Canada Post marks 100 years of the Toronto Maple Leafs

Special fabric patch stamp celebrates Canadian hockey icon

“And the Calder Memorial Trophy goes to…”

It’s June 21, 2017. T-Mobile Arena in Las Vegas is at capacity for the 2017 NHL® Awards. The place is filled with athletic young men in suits and women in formal gowns.

As the 2017 Rookie of the Year moves spryly toward the stage, the announcer underscores the significance of the accomplishment.

“Auston Matthews is the first Toronto Maple Leaf player to win the award since Brit Selby in 1966.”

Matthews, the first pick in the 2016 NHL® Entry Draft, won with 164 of 167 first-place votes. He is the 10th Leaf to win the Calder. He joins the likes of Leaf legends like Syl Apps (1937), Frank Mahovlich (1958) and Dave Keon (1961) – Calder winners who evoke memories of a golden age for the Leafs.

A Canadian hockey icon, the Toronto Maple Leafs is one of the most storied franchises in NHL history. It is one of four teams that officially formed the League, has more inductees in the players’ category of the Hockey Hall of Fame than any other Original Six™ team, and is among the most valuable franchises in the NHL.

Born as the Toronto Arenas and renamed the Toronto St. Patricks a couple of years later, the club won the first Stanley Cup® Championship in 1917-18.

Rechristened the Toronto Maple Leafs in 1927, the team won its first Cup under the new name in 1931-32. Though they did not win another in the 1930s, they reached the Stanley Cup Finals an amazing seven times over the course of the next decade. They produced their first dynasty in the 1940s, winning six Cups between 1942 and 1951. The 1950s were leaner, but they emerged strong from the decade. The Leafs won the Cup four more times in the 1960s, including three in a row from 1962 to 1964. In total, they’ve won 13 Stanley Cups.

On October 23, 2017, Canada Post marked the team’s centennial by honouring the Leafs through its iconic stamp program. The postal service made its own history in the process. For the first time ever, Canada Post adhered a miniature fabric crest to a stamp (above centre). The commemorative issue also includes a booklet of 10 new silver logo stamps (above right) and a coil of 50 puck-shaped stamps in Maple Leaf blue.

“The Toronto Maple Leafs are a part of the fabric that ties this country together with some of the most passionate fans in hockey,” says Canada Post President and CEO Deepak Chopra. “It was an honour to celebrate the incredible legacy of this Original Six™ team.”

The special fabric crest stamp, available only as a commemorative souvenir sheet, depicts the sweater worn by Maple Leafs captain Ted (Teeder) Kennedy during the 1949-50 NHL season, with the Leafs crest in fabric. Kennedy played centre for the Leafs between 1942-43 and 1956-57. He was captain of the team for eight years and remains the youngest player ever to suit up for the Leafs (he was 17). He and Turk Broda were also the first Leafs to win five Stanley Cup® Championships.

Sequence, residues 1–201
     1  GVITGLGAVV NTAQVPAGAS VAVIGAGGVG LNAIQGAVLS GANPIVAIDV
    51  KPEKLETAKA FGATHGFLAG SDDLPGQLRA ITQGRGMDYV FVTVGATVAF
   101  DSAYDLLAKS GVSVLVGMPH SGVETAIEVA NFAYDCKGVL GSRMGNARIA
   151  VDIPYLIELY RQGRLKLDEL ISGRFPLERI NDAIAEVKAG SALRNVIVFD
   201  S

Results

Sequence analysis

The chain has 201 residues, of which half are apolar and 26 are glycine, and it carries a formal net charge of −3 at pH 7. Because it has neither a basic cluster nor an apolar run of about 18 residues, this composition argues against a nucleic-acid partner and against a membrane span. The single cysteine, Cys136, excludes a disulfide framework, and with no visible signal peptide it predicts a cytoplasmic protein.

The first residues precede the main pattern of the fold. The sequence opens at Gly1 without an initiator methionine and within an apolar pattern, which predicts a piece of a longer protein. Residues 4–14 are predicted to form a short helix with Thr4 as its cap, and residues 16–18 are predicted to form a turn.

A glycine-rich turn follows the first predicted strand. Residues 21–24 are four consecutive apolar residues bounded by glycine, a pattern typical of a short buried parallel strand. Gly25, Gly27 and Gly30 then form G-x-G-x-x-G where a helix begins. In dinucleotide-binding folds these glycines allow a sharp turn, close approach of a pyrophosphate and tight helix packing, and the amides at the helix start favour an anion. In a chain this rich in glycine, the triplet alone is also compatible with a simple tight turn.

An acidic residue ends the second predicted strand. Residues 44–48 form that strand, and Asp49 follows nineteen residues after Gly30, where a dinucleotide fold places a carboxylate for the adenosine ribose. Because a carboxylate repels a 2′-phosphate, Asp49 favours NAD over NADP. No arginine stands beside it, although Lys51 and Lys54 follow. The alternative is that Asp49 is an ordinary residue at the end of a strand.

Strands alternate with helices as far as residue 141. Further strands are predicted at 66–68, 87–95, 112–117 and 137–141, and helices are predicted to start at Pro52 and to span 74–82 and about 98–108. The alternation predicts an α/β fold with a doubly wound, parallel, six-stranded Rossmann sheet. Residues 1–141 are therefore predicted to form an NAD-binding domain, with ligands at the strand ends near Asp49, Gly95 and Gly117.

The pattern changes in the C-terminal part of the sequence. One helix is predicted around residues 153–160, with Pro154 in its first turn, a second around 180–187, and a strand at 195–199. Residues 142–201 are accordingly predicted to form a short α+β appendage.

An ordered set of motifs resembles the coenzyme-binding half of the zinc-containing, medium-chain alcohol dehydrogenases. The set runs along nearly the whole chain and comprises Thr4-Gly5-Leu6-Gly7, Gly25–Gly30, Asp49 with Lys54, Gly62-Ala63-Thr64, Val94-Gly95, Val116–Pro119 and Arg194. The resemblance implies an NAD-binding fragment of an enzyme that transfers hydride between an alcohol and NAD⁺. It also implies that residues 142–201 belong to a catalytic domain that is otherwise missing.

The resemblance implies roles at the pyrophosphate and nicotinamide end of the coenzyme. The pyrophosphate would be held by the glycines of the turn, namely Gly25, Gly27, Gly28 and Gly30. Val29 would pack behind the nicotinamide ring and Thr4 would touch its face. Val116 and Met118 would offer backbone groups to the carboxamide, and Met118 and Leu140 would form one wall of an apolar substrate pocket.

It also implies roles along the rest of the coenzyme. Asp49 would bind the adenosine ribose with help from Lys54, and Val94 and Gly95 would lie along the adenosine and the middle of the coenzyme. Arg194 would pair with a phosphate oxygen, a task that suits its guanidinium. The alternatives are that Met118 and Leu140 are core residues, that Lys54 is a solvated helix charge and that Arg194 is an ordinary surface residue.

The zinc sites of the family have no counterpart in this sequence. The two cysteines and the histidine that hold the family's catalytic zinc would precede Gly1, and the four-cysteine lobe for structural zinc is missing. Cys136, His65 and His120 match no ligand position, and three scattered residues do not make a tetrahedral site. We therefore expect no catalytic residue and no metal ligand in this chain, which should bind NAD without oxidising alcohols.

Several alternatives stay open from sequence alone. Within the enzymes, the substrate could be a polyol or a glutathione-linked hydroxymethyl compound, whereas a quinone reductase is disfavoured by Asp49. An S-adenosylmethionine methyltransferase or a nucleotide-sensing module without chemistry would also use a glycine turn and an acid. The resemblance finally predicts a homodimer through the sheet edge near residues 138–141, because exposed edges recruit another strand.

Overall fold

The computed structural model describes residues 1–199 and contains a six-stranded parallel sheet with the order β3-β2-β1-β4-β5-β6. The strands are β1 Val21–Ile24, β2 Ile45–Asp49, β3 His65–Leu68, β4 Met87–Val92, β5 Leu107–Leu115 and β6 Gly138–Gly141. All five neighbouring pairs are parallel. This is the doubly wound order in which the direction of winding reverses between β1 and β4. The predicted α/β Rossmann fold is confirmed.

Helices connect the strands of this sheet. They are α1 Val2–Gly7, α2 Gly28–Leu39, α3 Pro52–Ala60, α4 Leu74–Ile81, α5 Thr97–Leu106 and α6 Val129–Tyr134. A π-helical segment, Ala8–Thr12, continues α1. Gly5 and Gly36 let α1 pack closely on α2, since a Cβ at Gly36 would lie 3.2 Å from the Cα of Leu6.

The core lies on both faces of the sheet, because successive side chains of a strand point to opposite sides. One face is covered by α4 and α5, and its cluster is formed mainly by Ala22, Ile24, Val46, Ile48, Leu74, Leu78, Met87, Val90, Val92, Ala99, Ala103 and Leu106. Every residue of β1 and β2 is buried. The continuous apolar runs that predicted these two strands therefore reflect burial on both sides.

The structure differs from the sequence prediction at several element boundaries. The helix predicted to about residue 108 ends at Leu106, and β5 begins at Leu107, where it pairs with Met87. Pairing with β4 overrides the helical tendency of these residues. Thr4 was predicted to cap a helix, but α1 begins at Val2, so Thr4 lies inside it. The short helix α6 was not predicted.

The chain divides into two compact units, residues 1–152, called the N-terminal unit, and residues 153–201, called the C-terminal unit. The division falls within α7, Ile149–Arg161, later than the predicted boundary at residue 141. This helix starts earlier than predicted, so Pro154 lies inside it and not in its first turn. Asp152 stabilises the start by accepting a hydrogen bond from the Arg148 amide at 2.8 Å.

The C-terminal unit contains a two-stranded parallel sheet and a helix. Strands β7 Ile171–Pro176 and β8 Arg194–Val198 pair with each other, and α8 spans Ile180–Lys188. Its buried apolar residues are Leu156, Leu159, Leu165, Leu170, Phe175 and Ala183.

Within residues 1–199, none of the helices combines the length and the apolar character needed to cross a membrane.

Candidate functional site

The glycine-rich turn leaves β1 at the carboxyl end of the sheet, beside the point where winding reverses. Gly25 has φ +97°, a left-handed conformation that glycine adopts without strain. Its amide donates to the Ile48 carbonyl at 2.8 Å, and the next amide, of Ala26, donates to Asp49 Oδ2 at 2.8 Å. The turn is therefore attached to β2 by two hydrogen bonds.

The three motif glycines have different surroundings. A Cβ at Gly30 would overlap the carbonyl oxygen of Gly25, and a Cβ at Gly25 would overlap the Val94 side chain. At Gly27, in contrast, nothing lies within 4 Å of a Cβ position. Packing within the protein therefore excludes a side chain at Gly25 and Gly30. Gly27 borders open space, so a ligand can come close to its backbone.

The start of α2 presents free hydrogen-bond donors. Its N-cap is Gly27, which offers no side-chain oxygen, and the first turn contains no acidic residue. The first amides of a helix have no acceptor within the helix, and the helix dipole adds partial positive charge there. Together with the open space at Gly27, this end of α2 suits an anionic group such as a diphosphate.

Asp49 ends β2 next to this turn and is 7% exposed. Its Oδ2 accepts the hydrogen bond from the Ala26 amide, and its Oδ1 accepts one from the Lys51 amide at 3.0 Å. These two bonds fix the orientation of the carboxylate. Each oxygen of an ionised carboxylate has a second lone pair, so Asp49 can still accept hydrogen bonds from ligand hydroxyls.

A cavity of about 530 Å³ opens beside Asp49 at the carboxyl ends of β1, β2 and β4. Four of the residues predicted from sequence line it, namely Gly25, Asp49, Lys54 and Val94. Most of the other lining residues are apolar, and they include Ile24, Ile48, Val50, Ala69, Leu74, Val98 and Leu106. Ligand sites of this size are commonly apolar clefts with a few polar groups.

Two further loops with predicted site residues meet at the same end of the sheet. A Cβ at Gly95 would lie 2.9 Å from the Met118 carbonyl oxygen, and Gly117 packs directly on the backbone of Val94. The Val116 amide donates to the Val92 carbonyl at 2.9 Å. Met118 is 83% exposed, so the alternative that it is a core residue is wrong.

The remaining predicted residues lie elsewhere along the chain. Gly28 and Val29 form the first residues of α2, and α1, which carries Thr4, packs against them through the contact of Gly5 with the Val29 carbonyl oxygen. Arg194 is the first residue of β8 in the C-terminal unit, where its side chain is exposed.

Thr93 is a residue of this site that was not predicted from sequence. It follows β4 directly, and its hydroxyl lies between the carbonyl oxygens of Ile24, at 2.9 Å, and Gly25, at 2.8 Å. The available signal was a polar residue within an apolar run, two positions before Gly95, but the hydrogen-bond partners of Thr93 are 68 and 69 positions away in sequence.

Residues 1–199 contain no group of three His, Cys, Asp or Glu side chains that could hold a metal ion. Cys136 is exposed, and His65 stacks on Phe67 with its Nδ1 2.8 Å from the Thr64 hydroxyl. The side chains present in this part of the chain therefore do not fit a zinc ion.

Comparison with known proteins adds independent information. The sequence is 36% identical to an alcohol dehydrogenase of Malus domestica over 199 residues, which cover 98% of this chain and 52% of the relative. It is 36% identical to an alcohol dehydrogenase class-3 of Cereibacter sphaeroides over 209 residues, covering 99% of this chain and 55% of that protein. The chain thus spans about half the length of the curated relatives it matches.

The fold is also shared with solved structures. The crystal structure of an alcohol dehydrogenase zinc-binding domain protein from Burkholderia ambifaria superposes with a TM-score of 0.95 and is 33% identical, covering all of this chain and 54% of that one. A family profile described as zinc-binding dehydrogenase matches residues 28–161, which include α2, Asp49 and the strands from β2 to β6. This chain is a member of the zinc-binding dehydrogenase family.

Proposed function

On Monday, October 23, 2017, Canada Post President and CEO Deepak Chopra, left, unveiled our Toronto Maple Leafs 100th Anniversary stamps in Toronto. He was joined by, from left: Yvonne Buck, granddaughter of Leaf legend Ted (Teeder) Kennedy, Leaf great Darryl Sittler, MP Marco Mendicino (Lib—Eglinton-Lawrence) and former Leaf captain Wendel Clark.

Since 1967, the year they last won the Cup, the Leafs have endured some dark days. In 1979, Leafs great Darryl Sittler ripped off the ’C’ after a dispute with owner Harold Ballard; in 1988 fans wore bags over their heads, pelting the ice with garbage after the team lost to the Detroit Red Wings in Game 4 of the Norris Division semi-finals. But any team with such a lengthy history has faced tough times. Fans still cling to the legacy years and the magical moments since 1967.

Darryl Sittler’s 10-point night against the Boston Bruins at Maple Leaf Gardens on February 7, 1976 still resonates. He would score more points in one game than any player before or since – two hat tricks and four assists. Over the last 50 years, Hall of Famers Lanny McDonald, Börje Salming, Doug Gilmour, Mats Sundin, and greats like Ian Turnbull, Wendel Clark and Felix Potvin have thrilled crowds.

On October 12, 2016, another player emerged to signal the arrival of something special. In his NHL debut, Matthews scored four goals against the Ottawa Senators. The gifted young centreman ended the season with 40 goals and 29 assists in 82 regular season games. He scored five more points in the 2017 Stanley Cup Playoffs, a dance even the most loyal fans didn’t expect the team to attend. With a talented supporting cast that includes sensations Mitch Marner and William Nylander, Matthews has breathed new life into this venerable franchise.

Now at the mic on the stage at T-Mobile Arena, Matthews thanks his parents, teammates, coaches, management and staff. He’s hitting all the right notes when the video feed cuts to his coach in the audience. Mike Babock mouths the words, “Thatta boy, good job,” clearly pleased.

The camera cuts back to the Leaf star. When he adds the “City of Toronto and Leafs Nation” to his acknowledgment list, there is a cheer from the crowd. His closing words cap another brilliant performance: “You guys are the best fans in the League. So, thank you.”

With on-ice stardom and off-ice poise, Matthews has emerged as the anchor of a new era for the Leafs and their fans.

Stamps and related collectibles are available at post offices or on